Dulce Garcia: Executive Director of Border Angels
Krisanne Hernandez: U.S. Customs and Border Protection Agent
Wendy Lee: U.S. Customs and Border Protection Agent
Caron de Mars: Senior Advisor at the International Joint Commission
Dr. Rupal Mehta: Associate Professor at the University of Nebraska-Lincoln
Mark Melamed: Senior Director in the Global Nuclear Policy Program
Richard Norland: U.S. Ambassador to Libya
Michael T. Pascual: Senior Director of Government Affairs at Gilead
Eric Rubin: President of the American Foreign Service Association
Mandy Sharma: Chief of Staff to the MInisters of Research Innovation and Science, Environment and Climate Change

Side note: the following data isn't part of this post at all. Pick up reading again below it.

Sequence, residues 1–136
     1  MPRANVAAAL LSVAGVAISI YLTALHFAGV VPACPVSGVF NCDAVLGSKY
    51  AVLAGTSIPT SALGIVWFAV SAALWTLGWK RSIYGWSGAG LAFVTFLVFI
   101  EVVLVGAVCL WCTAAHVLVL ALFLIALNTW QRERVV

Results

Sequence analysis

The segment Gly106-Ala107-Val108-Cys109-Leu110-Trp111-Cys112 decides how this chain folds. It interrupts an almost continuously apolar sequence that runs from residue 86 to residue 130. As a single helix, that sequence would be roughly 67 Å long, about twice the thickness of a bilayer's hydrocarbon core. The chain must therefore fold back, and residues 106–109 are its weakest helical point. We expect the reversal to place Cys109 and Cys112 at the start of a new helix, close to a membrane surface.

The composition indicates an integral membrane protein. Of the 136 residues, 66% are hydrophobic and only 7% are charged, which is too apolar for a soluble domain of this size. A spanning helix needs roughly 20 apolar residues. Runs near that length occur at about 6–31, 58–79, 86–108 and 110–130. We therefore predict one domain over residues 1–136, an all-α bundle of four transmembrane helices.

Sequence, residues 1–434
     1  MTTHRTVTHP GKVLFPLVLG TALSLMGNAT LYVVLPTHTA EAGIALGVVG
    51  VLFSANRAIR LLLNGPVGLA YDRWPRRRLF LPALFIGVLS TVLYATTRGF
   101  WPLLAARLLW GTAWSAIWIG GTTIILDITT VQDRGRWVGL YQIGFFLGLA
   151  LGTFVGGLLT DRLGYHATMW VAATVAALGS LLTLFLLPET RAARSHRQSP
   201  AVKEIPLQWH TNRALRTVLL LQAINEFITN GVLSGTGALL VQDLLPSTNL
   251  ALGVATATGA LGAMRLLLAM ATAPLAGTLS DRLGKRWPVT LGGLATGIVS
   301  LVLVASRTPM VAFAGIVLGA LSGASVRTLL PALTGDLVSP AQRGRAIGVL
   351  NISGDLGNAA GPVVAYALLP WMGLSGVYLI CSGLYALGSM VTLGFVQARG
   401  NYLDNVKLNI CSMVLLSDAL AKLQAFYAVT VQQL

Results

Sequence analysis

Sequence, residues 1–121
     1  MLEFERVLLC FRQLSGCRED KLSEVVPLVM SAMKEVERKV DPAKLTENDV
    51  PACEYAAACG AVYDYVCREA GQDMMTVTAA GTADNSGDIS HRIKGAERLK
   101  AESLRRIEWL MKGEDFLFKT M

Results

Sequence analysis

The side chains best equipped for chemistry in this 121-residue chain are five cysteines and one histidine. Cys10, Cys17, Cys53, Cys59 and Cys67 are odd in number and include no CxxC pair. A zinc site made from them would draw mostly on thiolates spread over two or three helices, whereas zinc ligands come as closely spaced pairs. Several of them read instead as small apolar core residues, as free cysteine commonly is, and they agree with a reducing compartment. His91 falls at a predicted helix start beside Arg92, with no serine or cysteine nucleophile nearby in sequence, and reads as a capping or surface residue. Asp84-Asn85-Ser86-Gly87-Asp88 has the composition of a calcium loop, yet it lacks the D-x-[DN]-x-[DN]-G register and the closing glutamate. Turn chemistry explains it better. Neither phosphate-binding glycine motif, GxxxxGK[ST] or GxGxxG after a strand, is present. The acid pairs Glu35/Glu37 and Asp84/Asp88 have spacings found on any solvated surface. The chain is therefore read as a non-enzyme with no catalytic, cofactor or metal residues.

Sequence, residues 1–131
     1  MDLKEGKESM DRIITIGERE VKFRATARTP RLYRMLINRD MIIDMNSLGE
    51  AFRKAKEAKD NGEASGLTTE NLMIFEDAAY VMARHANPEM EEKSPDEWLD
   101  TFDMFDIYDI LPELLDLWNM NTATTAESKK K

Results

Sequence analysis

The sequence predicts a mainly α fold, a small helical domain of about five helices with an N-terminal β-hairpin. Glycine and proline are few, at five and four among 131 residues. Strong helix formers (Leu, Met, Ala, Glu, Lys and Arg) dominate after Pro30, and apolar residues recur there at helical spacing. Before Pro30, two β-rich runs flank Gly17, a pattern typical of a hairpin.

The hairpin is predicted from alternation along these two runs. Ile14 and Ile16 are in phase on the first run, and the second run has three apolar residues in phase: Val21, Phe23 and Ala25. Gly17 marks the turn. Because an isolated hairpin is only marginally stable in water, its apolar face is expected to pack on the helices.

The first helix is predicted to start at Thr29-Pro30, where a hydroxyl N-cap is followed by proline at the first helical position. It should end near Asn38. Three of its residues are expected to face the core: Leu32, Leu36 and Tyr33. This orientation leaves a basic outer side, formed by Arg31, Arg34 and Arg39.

Rick Wayman: President & CEO of the Nuclear Age Peace Foundation
Nathan Williams: Head of the UNHCR Office in San Diego
Dr. Tom K. Wong: Associate Professor at the University of California, San Diego
A special thank you to our Small Group Facilitators, for being such great sports and incredible resources. Your contributions were profound.
A large component of each program module saw the students explore the week’s global issue in context. The purpose of the small group projects was twofold. First, they enabled a deeper dive for students to unpack specific issues and circumstances that applied to particular case studies. Second, they added an interactive dimension to the Summer Program and enabled the students to get to know each other better.